2015 Spring Clean Up. Photo courtesy of The Enterprise Center Community Development Corporation.

Overview: The Community Leaders program is a 9-month program that consists of community engagement and resident leadership development in the Walnut Hill neighborhood of West Philadelphia.

Strategies: The program partners with anchor institutions, community health organizations, community development funders, and other local organizations to increase the impact of their work in Walnut Hill. Residents take an active role in neighborhood revitalization decisions through regular engagement opportunities facilitated by Community Leaders. Resident input has influenced the development of community assets such as a playground, community farm, and a new park. Scaling the model to meet the needs of other communities, the Enterprise Center Community Development Corporation has trained more than 80 representatives from community-based organizations and government agencies in Philadelphia and Camden, New Jersey, including some in the Philadelphia Promise Zone.


  • 107 Community Leader graduates.
  • 3,300 households engaged annually.
  • 4,824 volunteers recruited.
  • 2,967 families connected to resources and social services.
  • 1,100 new trees planted.

International Sustainability Institute’s Alley Network Project

Photograph of an alley in which several bikes are parked adjacent to a brick building with multiple doors.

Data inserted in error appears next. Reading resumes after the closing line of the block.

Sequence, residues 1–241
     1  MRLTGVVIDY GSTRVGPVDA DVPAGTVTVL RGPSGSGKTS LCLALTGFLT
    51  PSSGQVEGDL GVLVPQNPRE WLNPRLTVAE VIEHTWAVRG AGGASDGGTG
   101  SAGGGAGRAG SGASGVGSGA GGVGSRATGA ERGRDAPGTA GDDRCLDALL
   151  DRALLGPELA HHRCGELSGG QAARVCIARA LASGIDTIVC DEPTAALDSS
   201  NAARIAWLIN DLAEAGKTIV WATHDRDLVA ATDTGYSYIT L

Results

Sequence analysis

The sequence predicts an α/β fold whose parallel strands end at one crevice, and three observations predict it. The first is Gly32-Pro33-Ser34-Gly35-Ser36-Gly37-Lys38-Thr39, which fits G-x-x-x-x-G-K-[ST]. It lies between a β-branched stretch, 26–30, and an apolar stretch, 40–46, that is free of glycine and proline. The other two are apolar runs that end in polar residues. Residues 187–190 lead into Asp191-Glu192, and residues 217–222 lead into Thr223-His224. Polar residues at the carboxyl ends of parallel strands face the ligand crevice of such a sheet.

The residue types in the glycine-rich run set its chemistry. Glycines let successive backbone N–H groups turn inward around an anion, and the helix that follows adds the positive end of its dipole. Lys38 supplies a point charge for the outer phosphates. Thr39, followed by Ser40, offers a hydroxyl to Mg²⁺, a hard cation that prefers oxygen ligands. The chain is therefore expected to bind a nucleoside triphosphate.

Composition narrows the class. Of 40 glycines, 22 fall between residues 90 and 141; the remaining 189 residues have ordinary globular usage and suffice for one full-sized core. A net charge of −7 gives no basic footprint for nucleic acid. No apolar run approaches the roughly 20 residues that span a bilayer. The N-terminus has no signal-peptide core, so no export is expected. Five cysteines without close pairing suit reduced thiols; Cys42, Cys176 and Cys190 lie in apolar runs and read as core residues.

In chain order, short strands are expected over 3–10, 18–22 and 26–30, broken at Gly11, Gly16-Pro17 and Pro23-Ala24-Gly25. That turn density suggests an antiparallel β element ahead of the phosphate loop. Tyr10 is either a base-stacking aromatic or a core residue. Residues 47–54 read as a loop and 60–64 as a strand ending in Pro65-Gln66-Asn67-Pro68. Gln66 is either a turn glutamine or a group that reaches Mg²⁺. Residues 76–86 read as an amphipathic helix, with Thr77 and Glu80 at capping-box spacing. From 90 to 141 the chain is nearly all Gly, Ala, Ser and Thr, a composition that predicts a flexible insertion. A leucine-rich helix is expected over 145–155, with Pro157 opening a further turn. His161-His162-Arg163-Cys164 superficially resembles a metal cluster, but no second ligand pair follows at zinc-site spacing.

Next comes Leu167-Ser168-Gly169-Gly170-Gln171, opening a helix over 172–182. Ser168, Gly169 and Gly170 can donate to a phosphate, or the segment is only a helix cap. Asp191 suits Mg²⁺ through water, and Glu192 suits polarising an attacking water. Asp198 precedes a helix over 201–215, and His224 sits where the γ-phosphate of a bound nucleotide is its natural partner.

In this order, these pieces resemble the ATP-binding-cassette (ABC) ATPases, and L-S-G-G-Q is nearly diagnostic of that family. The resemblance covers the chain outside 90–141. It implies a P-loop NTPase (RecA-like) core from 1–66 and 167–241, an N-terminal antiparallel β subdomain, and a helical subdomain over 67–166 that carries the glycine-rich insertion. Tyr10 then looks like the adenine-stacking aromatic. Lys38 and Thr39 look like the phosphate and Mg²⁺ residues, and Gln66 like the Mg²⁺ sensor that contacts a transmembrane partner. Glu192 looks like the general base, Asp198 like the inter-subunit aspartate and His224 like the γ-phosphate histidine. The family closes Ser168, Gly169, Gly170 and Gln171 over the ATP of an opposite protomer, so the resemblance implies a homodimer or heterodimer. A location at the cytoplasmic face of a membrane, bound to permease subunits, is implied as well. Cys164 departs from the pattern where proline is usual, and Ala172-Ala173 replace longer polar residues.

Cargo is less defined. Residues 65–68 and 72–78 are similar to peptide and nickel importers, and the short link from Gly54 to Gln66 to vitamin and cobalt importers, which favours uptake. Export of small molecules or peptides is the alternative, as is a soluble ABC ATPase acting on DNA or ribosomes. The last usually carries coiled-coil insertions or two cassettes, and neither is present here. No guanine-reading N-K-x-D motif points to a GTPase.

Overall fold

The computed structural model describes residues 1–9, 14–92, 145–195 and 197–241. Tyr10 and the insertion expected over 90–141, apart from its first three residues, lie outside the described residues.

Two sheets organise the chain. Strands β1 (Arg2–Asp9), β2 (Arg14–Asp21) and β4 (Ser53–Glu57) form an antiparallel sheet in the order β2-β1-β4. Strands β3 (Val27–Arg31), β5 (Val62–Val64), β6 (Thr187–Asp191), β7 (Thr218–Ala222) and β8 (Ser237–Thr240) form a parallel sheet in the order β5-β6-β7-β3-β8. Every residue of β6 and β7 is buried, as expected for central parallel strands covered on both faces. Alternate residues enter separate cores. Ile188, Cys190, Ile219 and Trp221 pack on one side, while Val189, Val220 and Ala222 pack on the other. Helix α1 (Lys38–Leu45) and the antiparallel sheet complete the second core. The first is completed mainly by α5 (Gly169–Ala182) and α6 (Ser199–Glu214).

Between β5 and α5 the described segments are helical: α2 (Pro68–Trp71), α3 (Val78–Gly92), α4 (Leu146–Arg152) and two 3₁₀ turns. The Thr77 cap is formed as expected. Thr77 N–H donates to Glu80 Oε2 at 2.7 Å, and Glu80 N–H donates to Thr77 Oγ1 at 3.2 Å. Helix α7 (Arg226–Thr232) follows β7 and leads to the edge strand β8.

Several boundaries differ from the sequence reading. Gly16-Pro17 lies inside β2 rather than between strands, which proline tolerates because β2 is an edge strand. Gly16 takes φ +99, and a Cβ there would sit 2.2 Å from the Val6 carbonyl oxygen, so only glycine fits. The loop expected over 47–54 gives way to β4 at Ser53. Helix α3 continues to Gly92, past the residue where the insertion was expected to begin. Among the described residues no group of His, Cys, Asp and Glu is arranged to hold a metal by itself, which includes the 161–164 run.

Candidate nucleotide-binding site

Back Alley Bike Repair is the first alley shop to locate in a Pioneer Square alley. Photo courtesy International Sustainability Institute.

Overview: The Alley Network Project developed out of a study of downtown Seattle’s public spaces. The study identified the historic alleys of Pioneer Square as an untapped community resource with considerable potential to become an important local asset. The International Sustainability Institute led the effort to encourage the community to reimagine these derelict corridors as vibrant and valued community spaces.

Strategies: The Alley Network Project consists of creative strategies to attract people and investment to the alleys in Pioneer Square, such as hosting community events, improving the alleys’ accessibility, beautifying and painting the alleys, collaborating with local businesses, and addressing garbage collection issues. These strategies were developed, supported, and implemented by residents, business owners, and city officials working in tandem to bring these ideas to life. The Alley Network Project leveraged funding from government, private foundations, and local businesses and relied on the expertise of a various contributors.


  • The Pioneer Square Alley has been transformed from a dilapidated alley into a valued public space that hosts community events that have drawn more than 6,000 people.
  • An alley design process has guided the implementation of energy-efficient lighting and paving to increase the alleys’ accessibility and sustainability.
  • Business owners are taking advantage of increased foot traffic in the alleys by designing spaces that better integrate shops and restaurants into the revitalized space.

Although funding for follow-up efforts is unlikely at this time, IPI hopes that these successful projects will inspire other communities and their partners to adapt these fresh ideas for themselves. Visit the IOD website to learn more about these creative community development activities.

Published Date: July 14, 2015

The contents of this article are the views of the author(s) and do not necessarily reflect the views or policies of the U.S. Department of Housing and Urban Development or the U.S. Government.